I was reflecting on a conversation I had with a church friend of mine. I had accepted his invitation to visit his home church. An experience that even he agreed was boring.
He told me that he stayed there, despite how boring it was, because he felt safe there. Why? Because the pastor preached right out of the Bible.
This begs the question; Is the presence of the Bible and use of scripture enough evidence that you’re in a place where you can gain the wisdom and understanding that is essential for spiritual growth and discipleship?
“Dear friends, do not believe every spirit, but test the spirits to see whether they are from God because many false prophets have gone out into the world.” 1 John 4:1
Just the other day I was talking with a man who recently started attending a new church. He was really excited about it. “What do you like about it?” I asked. With great enthusiasm, he said, “I like the fact the pastor preaches right from the Bible. So many don’t, you know.”
I’ve been to a lot of Christian churches and I never found one that didn’t preach from and through the Bible. They all preach the Bible. They just don’t all preach the same way. Nor do they all arrive at the same conclusions about the meaning of each scripture or passage.
Even within the same denominations, you’ll have inconsistencies in interpretations.
This isn’t to say that any of them are wrong. The fact they have a Bible in their hands… just doesn’t automatically mean they are right.
A perfect example is the time our team visited three different churches of three different denominations in three different cities on the same weekend. One was Pentecostal, one United Methodist, and one Baptist. All three were teaching from the same passage of scripture. None of them communicated the same message. None of them handled the verses in the same way. None of them applied the verses in the same way. We each have our own preference for style and teaching and that’s perfectly fine.
There are three primary Biblical teaching formats: topical, textual, and expository. Most pastors tend to favor one over the other. Most Christians, by the way, tend to favor one over the other as well.
The problem is that many of us make a value judgment saying one is a more valid method of teaching what the Word of God has to say than the other.
With topical teaching, the pastor selects a topic and uses passages from the Bible to elucidate that topic and support the thesis. Love, service, marriage, parenting, sex… the Bible has something to say about all of them.
In practice, the pastor prays about what God wants them to teach the church and then they go to the Bible to construct their message using a variety of verses. Many people find this style of learning helps them connect to the Bible on a very personal level. This style can be useful for helping us gain practical knowledge about how the Word of God relates to our everyday lives.
The danger is that if you are not reading the Bible on your own, you may never fully experience scripture within its original context…and with the Bible, context is everything. There is a beautiful unfolding of the story of God when the books of the Bible are read one by one. A careful teacher will make sure the scriptures are used in ways that preserve the contextual message. Having said that, it’s a dangerous assumption to think that all pastors are that careful.
Textual teaching is where one specific passage from the Bible is used as a jumping-off point for the pastor’s lesson. For example, the pastor may use the story of the Good Samaritan to teach a message on serving others. Like topical teaching, this style is easily relatable to the average listener but, once again, it uses the Bible more as a reference book. Unless the attendees are reading the Bible on their own, the only understanding of the Word of God they’ll have is the one their pastor gave them.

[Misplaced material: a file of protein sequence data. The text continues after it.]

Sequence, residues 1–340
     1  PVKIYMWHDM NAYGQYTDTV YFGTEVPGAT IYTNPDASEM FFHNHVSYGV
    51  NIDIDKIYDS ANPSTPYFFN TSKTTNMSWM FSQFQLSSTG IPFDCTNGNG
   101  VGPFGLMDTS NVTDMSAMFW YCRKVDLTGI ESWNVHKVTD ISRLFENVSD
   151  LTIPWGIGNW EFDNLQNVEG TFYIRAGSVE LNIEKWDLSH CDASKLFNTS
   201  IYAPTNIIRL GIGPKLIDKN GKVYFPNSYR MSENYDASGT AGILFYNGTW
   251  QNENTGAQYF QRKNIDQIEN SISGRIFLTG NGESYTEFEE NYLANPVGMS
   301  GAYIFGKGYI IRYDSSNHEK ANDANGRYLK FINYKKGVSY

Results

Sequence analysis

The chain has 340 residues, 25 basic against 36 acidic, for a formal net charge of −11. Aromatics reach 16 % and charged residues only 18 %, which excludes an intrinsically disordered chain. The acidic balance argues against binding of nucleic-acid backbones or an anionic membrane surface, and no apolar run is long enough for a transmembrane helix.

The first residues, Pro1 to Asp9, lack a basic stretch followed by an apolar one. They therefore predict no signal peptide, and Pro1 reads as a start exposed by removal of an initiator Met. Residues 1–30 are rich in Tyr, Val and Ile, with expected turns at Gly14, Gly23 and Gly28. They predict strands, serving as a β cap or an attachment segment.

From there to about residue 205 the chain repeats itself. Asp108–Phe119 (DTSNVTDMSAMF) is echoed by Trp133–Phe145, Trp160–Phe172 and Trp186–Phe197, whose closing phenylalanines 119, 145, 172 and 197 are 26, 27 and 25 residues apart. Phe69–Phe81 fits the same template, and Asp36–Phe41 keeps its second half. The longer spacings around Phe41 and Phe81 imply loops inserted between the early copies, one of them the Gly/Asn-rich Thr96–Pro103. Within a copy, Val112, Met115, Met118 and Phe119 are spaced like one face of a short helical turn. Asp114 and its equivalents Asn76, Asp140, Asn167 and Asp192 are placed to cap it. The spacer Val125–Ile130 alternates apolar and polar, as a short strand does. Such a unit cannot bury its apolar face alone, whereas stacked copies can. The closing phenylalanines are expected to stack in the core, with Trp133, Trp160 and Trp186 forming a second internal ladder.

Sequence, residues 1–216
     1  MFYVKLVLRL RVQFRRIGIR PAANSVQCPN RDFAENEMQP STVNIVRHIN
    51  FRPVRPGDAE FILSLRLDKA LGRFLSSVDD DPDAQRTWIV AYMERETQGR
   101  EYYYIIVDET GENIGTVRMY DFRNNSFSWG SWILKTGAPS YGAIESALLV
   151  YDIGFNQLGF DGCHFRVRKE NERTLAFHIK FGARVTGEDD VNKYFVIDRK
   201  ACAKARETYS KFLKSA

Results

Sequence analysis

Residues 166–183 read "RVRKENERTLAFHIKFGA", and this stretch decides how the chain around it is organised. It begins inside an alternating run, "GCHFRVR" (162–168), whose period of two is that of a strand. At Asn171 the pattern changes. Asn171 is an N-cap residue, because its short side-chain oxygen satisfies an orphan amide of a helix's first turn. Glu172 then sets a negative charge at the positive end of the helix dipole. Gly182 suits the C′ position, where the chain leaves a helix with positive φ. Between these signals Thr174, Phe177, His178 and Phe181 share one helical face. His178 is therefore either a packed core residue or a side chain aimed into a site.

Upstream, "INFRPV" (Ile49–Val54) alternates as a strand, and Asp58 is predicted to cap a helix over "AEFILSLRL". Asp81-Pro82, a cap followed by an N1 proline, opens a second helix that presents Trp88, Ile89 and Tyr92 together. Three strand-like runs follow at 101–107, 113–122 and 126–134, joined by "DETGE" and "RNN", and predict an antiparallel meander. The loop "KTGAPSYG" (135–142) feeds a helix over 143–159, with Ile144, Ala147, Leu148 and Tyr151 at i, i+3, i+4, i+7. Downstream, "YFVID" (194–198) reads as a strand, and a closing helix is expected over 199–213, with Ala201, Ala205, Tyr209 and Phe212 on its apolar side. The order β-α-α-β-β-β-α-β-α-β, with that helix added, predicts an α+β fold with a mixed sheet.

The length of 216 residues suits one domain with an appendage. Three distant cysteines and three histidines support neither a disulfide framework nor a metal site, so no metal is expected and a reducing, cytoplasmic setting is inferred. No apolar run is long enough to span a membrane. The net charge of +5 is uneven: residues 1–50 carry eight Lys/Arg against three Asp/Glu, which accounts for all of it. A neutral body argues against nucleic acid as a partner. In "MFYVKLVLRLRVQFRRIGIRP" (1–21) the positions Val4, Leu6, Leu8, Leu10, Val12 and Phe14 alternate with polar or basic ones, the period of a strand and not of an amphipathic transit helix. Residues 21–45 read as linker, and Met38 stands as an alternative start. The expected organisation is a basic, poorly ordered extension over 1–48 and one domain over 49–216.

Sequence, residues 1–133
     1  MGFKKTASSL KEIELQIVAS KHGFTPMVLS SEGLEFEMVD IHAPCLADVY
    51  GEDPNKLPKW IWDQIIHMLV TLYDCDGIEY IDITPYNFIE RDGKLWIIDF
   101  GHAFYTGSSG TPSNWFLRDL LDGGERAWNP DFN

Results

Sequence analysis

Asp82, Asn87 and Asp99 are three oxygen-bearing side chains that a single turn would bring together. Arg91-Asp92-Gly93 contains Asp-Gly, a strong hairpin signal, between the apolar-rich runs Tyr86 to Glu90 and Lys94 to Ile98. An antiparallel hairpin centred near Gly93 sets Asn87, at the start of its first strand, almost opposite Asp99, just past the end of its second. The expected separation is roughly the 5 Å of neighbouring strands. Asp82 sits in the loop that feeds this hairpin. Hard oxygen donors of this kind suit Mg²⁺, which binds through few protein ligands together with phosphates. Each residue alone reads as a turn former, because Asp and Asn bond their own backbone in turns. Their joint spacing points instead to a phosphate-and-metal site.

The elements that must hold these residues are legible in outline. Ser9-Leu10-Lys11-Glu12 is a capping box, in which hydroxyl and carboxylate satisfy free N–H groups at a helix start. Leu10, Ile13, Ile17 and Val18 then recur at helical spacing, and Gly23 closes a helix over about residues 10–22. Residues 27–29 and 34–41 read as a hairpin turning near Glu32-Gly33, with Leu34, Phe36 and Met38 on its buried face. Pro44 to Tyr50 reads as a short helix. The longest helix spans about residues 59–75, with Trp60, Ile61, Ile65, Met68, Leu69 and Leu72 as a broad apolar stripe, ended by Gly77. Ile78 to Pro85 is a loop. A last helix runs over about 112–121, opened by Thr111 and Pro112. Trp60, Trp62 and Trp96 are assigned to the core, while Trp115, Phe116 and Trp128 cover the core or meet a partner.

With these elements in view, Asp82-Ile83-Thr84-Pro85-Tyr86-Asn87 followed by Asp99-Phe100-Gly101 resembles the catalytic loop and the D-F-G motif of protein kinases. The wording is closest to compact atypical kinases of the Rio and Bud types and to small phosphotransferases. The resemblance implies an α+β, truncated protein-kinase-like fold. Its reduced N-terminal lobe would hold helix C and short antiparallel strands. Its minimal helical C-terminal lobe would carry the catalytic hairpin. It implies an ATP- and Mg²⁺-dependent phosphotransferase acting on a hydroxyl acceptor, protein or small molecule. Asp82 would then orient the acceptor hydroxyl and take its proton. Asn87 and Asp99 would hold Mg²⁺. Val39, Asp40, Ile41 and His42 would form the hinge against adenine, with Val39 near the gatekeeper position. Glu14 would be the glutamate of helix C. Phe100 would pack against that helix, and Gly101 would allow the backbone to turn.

“I believe the Church has to get back to expository teaching…allowing the text to speak for itself. Instead of topical verses that say what I want it to say…the scriptures must be the final authority…if you’re not careful, you’ll have an entertaining leader …but what happens when that leader falls apart?…the church is over because it was built on a personality… I have been that leader…” Jay DePoy, Ashville, NC
Expository teaching is when the pastor teaches through the Bible verse by verse. Each week’s message will be whatever lesson the text at hand is teaching. Most conservative churches feel expository teaching is superior to others. It illuminates the Bible one scripture at a time and allows the learner to better comprehend the “full counsel of God”.
On a practical level, many people find expository teaching hard to follow…or even boring. I say that depends on the teacher.
In reality, no matter the style, a teacher will convey the message the way they, themselves, understand the text. Therein lies the rub.
The most important thing about learning what the Bible has to teach is this; what we hear on Sunday morning is not enough to lead us to wisdom and maturity no matter how great our teacher is or what teaching style is employed. We grow in wisdom and knowledge when we pursue God’s Word, pray for wisdom, and live out what we learn.
Hearing it will never be enough.
“You don’t go to a restaurant once a week expecting to be fed…if you only feed on the Word of God once a week.” Pastor Dale Travis, Family Life Church, Amarillo, TX
“…Pastors are held accountable for what they preach, the listener is held accountable for what they hear…” Pastor Vic Redding, Faith Free Will Baptist Church, Greensboro, NC
Read that last quote again. Ultimately, the communication style isn’t what matters most. It’s up to each of us to make sure we are not just “hearing” the word of God – but what we do with what we’ve learned that changes us from “attenders” to true followers.
In His love and service,